As I've mentioned before, most writers pull off of their backgrounds when they set the atmosphere and tone of their books. Some do it by smells (who can forget the sour smell of Bourbon Street on a weekend morning), some do it by sounds (Ernest Gaines is great at this, conveying a sense of poverty by the creaking of worn out bed springs), and others are visual. I often do this by describing a food.
In No' Chance I referenced both the Lucky Dog hot dogs found throughout the French Quarter in New Orleans as well as po-boys served at Johnny's Po-boys there. This is probably a holdover from the family dinners we used to have out at my great grandmother's house in the small community of Bellwood, La. Ma and Pa Alford lived in the heart of the Kisatchie National Forest that became the setting for The Bottle Tree. We used to go there on Sundays and Ma would spend all morning cooking so that we'd have a huge lunch and the day revolved around that meal.
The recipe below is one that reminds me of New Orleans, the taste instantly sending me to the humidity, sights and smells of the Crescent City. This one is made the New Orleans way, dripping with "Debris Gravy". It's also great to make homemade french fries and use them in place of the meat to make the po-boy, but then covering them in the gravy. You have to remember, most of the New Orleans and Cajun foods (two different kinds) were developed because people were poor and had to make do with what they had. This one can be made from inexpensive ingredients but the taste is rich!
I started with a recipe from NOLACuisine.com and then made some changes to suit my family.
I hope you try and enjoy it.
For the Roast:
1 Beef Chuck Roast (app. 2 ½ pounds). Don’t trim the fat since it adds flavor.
2 Garlic Cloves thinly sliced
Kosher Salt & Black Pepper
Flour to coat roast
3 Tbsp Lard or Vegetable Oil
1 Medium Onion, Diced
1 Medium to Large Carrot, Diced (I prefer to shred it using a cheese grater)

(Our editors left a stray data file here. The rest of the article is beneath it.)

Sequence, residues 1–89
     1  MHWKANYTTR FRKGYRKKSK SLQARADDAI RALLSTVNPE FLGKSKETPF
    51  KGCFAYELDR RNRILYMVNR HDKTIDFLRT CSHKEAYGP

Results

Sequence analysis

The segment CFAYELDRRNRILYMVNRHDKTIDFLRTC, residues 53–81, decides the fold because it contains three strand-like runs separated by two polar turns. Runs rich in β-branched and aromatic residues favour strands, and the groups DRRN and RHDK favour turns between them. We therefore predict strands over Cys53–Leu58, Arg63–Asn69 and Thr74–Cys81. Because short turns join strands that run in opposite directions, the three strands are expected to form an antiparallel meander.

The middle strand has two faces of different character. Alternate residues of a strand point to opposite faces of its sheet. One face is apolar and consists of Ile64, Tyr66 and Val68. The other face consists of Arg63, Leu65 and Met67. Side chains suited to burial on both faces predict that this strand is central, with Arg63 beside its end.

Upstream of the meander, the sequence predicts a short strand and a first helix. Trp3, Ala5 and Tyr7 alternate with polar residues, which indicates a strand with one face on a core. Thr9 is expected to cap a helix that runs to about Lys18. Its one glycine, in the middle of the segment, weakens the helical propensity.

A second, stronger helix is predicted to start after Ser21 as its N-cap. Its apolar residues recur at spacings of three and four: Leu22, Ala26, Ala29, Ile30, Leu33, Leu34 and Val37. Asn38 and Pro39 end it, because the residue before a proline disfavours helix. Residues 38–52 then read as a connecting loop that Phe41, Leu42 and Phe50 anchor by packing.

1 tablespoon finely Chopped Garlic
1 Cup Beef Stock
1 Cup Chicken Stock
Water if necessary
2 Tbsp Worcestershire Sauce
1 Tbsp Hot Sauce
2 Sprigs Fresh Thyme (you can use dried if you don’t have fresh)
1 Bay Leaf (fresh or dried)
Kosher Salt and Black Pepper to taste
Cut small slits into the roast, about every 3 inches, try not to pierce all the way to the bottom. Stuff the sliced garlic into the slits.
Season the Roast very liberally on all sides with the Salt & Black Pepper, season with
Coat the roast in flour. You want enough to form a light crust when you brown it in the oil. This step will make the gravy just a tad thicker.
Heat the fat in a heavy bottomed Dutch Oven over high heat, when the oil starts to smoke, wait a few more seconds, then carefully add the Roast cut side down. Brown very well on all sides, without burning it. Remove to a plate.
Drain off all but 1 Tbsp of the fat in the pan, add the onions and carrots, cook until just before the onions start to brown, add the garlic (be carefult not to burn the garlic) then place the roast back in the pan, then add the stocks. Finish, if necessary, with enough water to bring the cooking liquid 3/4 of the way up the roast. Add the remaining ingredients. Bring to a boil, then back down to a very low simmer. Simmer covered for 3-4 hours or until the meat falls apart when you look at it (you know what I mean, very tender).
For the Debris Gravy:
Carve the meat into very thin slices, it will be hard to do and will fall apart, that is good. All of the bits and pieces, that fall off are your Debris (pronounced Duh-bree.)
Add all of the bits and chunks to you cooking liquid after skimming off the fat from the surface, keep the carved meat with a little liquid on a warm plate, covered tightly with plastic wrap.
Bring the gravy to a full boil and reduce until it coats the back of a spoon. Season to taste with salt and pepper.
Our family adds all of the meat back to the gravy when it has reduced and lets it sit there for a while to moisten the meat.
New Orleans Style French Bread (we found out that if you can’t get the good, crusty French bread to make this then you can use the canned Pillsbury Crusty French Bread and it is surprisingly good)
Cut the bread 3/4 of the way through so that the bread folds open as opposed to slicing it all the way through. If you slice it through the sandwich will fall apart. If you are using fresh baked bread wait for it to cool before slicing.
Roast Beef (see above)
Slather the bread with a very generous portion of Mayonnaise on the inside of the upper and lower halves. Place about a cup of Shredded Lettuce on the bottom half. Cover the lettuce with a generous portion of the “sliced” Beef. Drown the beef with Debris Gravy.